The author states, "Although we do not know how the Mesolithic people explained them, in later prehistory they were named after Anu/Danu, the principle mother goddess in early Irish mythology (Danu was also worshipped on the Continent). In Medieval texts, the province of Munster (stretching away on all sides of the Paps of Anu), is described as particularly prosperous due to the bounty provided by Anu. Given their form, it seems likely that earlier people would also have made the association between these mountains and a female goddess. At some point in prehistory, cairns were built on both mountain tops, making them resemble breasts even more."
6Coyne, Frank. Islands in the Clouds: An Upland Archaeological Study on Mount Brandon and The Paps, County Kerry. Tralee, Co. Kerry: Kerry County Council in Association with Aegis Archaeology Limited, 2006. 12. This book may be read in its entirety here.
Citing Edmonds (1999, 7), Coyne suggests that "people experienced the world physically through a 'technology of memory,' in the way that they interact with certain monuments or landscapes, and that much of what happens in these places is constituted by the past by real or invented tradition and by what is already there. This 'technology of memory' allows people to re-use, re-absorb and re-work the past through their physical encounter with particular monuments or ritual events."
Some photographs of the "brocken-spectre" phenomenon may be viewed here.
The entire 1841 O'Donovan Ordnance Survey Letters quotation, as related by Coyne: "... in the townland of Gortnagowan in the east division of this parish there is a caher or circular stone fort called Caher-Crovderg [sic], the fort of the red-handed. In the west side of it is a holy well at which stations are performed by the peasantry on May Eve; who also drive their cattle into the fort and make them drink of the water of the holy well, which is believed to have virtue to preserve them from all contagious distempers during the ensuing year." (Coyne 47.)
The author further identifies this flagstone: "This particular path was, and still is, known as 'The Bridle Path'. Skirting the edge of Lough Glounafreaghaun...The peculiar signs on the flagstone are still there to be seen and the spot is known as Rian 'a Daimh. The Bridle Path is no longer used since it was replaced by a roadway, built in the late 1920s, and known as The Slyggudal Pass."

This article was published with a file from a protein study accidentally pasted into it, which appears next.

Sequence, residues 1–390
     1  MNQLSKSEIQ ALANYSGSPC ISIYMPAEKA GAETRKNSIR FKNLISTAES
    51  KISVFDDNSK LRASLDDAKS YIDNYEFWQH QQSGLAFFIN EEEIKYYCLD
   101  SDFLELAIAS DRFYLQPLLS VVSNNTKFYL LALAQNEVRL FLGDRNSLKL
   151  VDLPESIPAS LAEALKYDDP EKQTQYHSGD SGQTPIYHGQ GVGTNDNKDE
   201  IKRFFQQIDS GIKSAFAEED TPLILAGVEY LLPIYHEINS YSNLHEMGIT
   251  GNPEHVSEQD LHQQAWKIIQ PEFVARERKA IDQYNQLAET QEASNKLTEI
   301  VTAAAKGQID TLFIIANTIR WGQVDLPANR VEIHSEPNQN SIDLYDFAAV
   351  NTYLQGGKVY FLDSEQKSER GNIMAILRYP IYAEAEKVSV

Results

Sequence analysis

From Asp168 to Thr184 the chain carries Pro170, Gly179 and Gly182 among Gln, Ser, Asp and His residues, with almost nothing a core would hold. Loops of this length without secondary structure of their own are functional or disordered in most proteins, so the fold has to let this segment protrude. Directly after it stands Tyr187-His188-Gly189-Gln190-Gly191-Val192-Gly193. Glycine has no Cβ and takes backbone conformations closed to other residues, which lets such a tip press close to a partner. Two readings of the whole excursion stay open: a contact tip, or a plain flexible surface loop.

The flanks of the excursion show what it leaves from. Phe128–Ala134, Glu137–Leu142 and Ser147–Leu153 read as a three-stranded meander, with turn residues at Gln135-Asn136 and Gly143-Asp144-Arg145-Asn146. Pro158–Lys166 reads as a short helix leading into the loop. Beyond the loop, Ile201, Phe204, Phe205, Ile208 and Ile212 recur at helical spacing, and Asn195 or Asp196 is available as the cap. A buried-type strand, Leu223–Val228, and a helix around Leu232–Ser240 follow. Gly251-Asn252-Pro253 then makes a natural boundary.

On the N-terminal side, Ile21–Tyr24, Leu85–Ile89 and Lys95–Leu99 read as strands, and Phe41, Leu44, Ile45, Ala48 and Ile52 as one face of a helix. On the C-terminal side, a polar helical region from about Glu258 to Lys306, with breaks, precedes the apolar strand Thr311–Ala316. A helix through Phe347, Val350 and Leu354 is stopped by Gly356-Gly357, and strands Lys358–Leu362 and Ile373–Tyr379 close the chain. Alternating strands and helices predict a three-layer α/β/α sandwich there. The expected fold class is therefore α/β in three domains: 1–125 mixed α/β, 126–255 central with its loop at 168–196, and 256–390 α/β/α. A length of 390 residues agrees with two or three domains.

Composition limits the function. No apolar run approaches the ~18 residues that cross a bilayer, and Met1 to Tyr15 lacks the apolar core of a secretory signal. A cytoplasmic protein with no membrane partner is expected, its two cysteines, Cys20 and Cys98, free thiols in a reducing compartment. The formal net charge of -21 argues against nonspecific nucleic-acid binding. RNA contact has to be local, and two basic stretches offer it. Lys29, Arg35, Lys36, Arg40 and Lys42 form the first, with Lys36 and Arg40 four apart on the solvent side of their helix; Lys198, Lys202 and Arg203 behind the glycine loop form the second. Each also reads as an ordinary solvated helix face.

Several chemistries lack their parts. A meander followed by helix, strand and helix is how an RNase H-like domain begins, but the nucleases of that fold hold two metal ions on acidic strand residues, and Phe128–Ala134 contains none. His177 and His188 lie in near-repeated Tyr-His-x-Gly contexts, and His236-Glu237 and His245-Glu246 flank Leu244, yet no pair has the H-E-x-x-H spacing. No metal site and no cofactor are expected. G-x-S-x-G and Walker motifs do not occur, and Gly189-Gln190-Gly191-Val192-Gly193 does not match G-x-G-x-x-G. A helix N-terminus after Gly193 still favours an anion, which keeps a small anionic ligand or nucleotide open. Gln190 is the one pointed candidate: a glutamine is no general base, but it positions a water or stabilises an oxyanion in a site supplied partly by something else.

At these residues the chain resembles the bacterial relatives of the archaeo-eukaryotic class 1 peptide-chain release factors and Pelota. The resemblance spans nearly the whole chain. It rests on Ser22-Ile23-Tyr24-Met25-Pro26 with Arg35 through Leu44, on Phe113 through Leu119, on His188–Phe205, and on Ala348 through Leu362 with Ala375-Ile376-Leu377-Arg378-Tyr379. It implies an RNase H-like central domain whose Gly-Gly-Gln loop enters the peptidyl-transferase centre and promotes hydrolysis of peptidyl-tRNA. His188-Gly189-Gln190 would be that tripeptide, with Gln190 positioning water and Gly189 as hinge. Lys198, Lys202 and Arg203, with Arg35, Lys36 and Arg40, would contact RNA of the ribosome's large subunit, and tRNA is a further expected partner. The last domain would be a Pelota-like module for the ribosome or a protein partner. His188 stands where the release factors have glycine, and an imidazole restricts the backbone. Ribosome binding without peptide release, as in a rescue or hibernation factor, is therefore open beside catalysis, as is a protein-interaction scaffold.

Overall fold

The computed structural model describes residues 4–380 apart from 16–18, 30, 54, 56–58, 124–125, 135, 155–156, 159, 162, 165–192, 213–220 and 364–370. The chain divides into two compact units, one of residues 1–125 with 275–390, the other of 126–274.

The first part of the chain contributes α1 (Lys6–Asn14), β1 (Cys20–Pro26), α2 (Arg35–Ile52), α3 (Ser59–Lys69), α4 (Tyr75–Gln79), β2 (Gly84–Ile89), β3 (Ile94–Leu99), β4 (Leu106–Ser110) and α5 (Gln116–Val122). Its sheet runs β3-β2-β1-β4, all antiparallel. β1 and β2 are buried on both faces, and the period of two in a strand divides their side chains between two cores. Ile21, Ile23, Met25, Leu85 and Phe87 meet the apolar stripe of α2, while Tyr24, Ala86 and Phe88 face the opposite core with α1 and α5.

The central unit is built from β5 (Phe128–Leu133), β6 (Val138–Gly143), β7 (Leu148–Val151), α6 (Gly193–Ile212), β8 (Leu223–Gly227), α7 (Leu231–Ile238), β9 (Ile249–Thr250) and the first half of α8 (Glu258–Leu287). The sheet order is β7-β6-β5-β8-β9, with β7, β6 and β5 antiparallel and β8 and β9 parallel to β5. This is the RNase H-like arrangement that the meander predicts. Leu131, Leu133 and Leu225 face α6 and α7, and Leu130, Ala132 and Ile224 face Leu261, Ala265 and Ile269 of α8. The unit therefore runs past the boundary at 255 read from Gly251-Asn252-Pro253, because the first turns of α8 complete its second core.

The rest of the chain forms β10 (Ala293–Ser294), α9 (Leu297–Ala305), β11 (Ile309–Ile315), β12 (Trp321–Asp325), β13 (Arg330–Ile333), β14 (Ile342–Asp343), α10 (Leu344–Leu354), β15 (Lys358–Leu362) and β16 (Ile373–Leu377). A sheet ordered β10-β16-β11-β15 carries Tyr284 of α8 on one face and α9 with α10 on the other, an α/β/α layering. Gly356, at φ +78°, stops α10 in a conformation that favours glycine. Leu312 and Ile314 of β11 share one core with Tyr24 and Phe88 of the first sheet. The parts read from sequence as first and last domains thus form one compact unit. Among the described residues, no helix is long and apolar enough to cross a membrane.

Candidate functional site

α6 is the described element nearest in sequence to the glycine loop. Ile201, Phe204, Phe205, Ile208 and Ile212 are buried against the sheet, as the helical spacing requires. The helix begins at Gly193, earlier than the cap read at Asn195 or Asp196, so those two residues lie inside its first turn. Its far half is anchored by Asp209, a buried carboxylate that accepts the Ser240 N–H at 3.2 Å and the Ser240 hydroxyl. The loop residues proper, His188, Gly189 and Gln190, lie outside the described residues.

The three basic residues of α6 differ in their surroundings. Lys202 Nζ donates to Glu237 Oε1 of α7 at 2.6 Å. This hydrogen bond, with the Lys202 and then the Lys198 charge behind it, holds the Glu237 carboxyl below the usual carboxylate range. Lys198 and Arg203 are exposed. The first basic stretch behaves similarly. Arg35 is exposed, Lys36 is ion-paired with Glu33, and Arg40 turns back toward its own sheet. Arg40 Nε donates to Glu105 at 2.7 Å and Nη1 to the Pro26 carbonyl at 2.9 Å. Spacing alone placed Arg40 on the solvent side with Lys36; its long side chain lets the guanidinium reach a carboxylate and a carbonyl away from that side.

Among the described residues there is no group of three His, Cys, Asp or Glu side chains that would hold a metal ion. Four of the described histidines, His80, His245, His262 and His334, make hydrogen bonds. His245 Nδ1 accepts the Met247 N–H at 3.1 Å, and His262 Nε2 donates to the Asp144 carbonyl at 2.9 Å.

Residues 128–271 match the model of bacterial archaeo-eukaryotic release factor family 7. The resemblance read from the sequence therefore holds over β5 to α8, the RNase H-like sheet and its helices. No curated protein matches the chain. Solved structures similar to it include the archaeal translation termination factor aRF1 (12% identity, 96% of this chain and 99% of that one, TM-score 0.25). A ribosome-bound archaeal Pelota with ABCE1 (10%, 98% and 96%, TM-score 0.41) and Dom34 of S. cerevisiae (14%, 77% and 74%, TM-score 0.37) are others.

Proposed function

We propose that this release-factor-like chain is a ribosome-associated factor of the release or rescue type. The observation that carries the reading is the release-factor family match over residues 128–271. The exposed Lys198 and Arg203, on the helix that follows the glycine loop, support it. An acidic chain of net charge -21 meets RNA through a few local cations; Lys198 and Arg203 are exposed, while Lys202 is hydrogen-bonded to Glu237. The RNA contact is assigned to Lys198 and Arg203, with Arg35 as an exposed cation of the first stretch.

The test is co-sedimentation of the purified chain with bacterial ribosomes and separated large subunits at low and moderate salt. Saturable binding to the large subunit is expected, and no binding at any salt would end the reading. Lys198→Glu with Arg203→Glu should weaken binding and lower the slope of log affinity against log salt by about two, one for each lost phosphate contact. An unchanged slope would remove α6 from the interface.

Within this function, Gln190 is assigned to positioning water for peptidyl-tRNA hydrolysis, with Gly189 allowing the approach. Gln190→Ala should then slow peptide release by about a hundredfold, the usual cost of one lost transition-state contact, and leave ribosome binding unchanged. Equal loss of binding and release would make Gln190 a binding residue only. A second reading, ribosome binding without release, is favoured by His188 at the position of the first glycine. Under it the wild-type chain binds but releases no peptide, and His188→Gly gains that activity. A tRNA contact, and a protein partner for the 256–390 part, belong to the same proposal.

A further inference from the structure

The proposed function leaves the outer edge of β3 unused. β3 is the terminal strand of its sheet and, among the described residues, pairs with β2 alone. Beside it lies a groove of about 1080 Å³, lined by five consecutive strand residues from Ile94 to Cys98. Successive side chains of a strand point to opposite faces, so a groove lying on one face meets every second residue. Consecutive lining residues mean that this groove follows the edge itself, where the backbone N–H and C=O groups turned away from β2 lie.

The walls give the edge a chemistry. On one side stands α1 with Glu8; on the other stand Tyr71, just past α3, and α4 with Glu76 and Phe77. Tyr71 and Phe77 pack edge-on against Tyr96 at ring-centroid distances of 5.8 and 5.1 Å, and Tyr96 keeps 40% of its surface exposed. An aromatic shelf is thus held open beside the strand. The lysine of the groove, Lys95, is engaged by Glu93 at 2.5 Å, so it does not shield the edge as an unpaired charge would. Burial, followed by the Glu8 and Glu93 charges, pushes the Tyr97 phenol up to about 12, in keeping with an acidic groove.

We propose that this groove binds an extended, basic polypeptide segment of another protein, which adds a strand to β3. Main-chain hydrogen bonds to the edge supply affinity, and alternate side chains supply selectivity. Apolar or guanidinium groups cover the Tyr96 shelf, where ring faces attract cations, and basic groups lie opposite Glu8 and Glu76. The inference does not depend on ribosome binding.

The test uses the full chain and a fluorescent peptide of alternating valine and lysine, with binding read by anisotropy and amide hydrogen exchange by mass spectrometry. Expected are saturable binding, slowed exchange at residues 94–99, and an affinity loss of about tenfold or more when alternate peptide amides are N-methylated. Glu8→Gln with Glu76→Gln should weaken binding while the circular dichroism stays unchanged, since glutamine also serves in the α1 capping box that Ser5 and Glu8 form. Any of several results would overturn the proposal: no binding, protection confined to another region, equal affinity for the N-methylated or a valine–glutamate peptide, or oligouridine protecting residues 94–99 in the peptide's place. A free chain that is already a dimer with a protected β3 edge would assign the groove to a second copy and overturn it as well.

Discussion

10Cronin, Dan. "Cromlech Cathair Crobh Dearg." Personal interview. 22 June 1999.
12Meehan, Cary. The Traveller's Guide to Sacred Ireland: A Guide to the Sacred Places of Ireland, Her Legends, Folklore and People. Glastonbury: Gothic Image, 2004. 25.
The author explains, "An idea of the number of pilgrims who visited The City on a given May Day - within living memory - can be had from accurate statistics for the year 1938. On May Day of that year, the 'deerhough' or person who attended the well, filling the water into bottles etc., collected for work the sum of £29. Now, in 1938 money was scarce and hard to come by, and that figure of £29 included no paper money. The largest coin in the 'takings' was a 6d piece (sixpennies in pre-decimalization days). Then there were threepenny bits, pennies and ha'pennies. From these figures one can gauge the number of pilgrims who visited the Well on that May Day."
The author concludes, "It can be suggested therefore that "The City" may not have always been used for habitation, and that its function also lies in the realm of the ritual and ceremonial, the focus for religious activity."
In comparing The City to the Ballynahatty Giant's Ring, the author states, "Perhaps a similar sequence may be suggested for 'The City'- the megalithic structure/tomb enclosed in the Late Neolithic/Early Bronze Age, and this enclosure substantially remodeled, adapted and added to as the ritual and ceremonial needs of the society itself evolved and changed over time."
18Cormac, John O'Donovan, and Whitley Stokes. Sanas Chormaic (Cormac's Glossary). Calcutta: Printed by O.T. Cutter for the Irish Archeological and Celtic Society, 1868. 17. This may be read in its entirety here.
Ronald Hutton put his own gloss on this: "[In the Glossary] she is called the mother of all deities, a further inflation of status from being the founder of her great Tuatha. But another text, Cóir Anman ('The Fitness of Names'), calls 'Anu' the tutelary goddess of the province of Munster, where indeed twin mountains are still said to represent her breasts. If Danu, Ana and Anu are the same then it is possible that a local goddess grew into a generalized one, perhaps aided by the fact that Cormac was a Munster leader. (Hutton, Ronald. The Pagan Religions of the Ancient British Isles: Their Nature and Legacy. Oxford: Blackwell Publishers, Ltd. 1991. 153.)
19White, Gary C., and Elyn Aviva. Powerful Places in Ireland. Santa Fe, NM: Pilgrims Process, 2011.